The Phnom Penh Municipal Court on May 11 resumed the 39th hearing of former opposition leader Kem Sokha in his “treason” case. The hearing questioned him about the 2013 general election process, although some questions were not answered.
Plang Sophal, spokesman for the Prosecutor’s Office, told The Post after the hearing that Sokha, former president of the Supreme Court-dissolved Cambodia National Rescue Party (CNRP), was asked about the voter list, voter registration and the 2013 election results.
Meng Sopheary, one of the defence lawyers, told reporters outside the court that the prosecution – as well as the civil party lawyers – were asking the same questions that the investigating judge had already questioned Sokha about.
She said that Sokha did not answer some questions because he was not interested in reliving the past and wanted to find a solution in line with national reconciliation.
“There were some questions that the prosecution asked which repeated what the investigating judge and then the civil lawyers asked Sokha. The questions were the same as ones asked by the investigating judge. It’s not like the questioners did not know that they were repeating them – they just wanted to try to get the answers they wanted,” she said.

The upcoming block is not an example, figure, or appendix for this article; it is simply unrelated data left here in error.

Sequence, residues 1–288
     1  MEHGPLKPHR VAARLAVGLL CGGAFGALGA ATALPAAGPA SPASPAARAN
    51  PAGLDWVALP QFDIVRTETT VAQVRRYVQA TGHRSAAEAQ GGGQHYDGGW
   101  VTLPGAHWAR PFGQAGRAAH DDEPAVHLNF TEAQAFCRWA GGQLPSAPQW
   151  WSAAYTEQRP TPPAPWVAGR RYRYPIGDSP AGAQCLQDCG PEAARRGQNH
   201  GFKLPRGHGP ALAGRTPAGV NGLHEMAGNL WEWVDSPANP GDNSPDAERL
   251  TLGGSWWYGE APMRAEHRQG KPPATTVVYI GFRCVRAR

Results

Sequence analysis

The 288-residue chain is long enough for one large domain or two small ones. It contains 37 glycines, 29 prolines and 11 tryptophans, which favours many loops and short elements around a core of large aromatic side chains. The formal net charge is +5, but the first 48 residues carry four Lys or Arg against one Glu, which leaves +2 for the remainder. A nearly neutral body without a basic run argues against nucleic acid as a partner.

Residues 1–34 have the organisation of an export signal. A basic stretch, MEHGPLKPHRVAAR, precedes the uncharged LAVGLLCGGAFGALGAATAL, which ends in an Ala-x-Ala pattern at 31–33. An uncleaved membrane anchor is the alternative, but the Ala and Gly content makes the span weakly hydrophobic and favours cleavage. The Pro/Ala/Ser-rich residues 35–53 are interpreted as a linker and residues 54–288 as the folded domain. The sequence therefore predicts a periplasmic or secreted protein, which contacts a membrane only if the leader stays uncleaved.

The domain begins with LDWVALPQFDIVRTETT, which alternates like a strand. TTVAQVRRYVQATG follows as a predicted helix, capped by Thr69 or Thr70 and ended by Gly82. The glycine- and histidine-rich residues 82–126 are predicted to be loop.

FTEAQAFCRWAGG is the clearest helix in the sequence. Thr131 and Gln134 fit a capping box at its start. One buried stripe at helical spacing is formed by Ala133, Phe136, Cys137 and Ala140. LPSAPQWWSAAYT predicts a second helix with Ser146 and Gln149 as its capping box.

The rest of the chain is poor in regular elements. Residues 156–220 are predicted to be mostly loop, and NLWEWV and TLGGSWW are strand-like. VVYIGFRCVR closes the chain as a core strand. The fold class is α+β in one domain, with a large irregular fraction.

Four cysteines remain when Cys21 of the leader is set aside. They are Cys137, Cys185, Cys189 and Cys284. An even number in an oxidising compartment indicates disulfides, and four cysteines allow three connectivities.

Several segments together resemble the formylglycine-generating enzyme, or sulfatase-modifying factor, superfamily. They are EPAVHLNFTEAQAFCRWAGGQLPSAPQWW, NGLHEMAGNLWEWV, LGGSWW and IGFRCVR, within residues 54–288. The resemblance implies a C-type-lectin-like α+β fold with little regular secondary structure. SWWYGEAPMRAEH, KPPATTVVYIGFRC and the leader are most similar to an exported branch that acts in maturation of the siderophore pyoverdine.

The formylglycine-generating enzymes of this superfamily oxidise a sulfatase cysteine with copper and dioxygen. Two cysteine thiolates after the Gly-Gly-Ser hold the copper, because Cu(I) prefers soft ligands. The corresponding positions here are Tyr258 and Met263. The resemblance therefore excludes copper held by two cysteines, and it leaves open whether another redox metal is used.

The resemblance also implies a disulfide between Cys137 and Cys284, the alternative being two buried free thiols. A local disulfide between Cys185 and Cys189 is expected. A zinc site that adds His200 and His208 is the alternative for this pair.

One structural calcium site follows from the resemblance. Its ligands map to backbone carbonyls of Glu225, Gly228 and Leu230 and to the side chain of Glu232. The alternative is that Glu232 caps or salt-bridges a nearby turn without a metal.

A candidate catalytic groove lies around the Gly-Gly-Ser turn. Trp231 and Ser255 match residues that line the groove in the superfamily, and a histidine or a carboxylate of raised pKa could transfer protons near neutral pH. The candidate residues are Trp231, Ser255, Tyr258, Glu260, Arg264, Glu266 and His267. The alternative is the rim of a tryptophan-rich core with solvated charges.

Sopheary noted that the former CNRP and the ruling Cambodian People’s Party (CPP) already signed an agreement to end all issues relating to the 2013 election on July 22, 2014.
“The accusation of Sokha conspiring with foreign powers [to topple the government] affects international relations. This accusation is the opposite of what the government has tried to do to build and maintain for the benefit of the Cambodian people and society,” she said.
She also noted that some of the video presented as evidence had been digitally stamped with an incorrect date and location. One video, she said, claimed to show Sokha in Kampong Speu province on August 6, 2013, though Sokha had confirmed that he was not there that day.
Regarding the defence’s attempt to request that representatives of more than 30 countries and international organisations testify, Sopheary said she had not yet submitted a letter to the court requesting the summons, as she was waiting for detailed discussions first.
The next hearing is scheduled for May 18.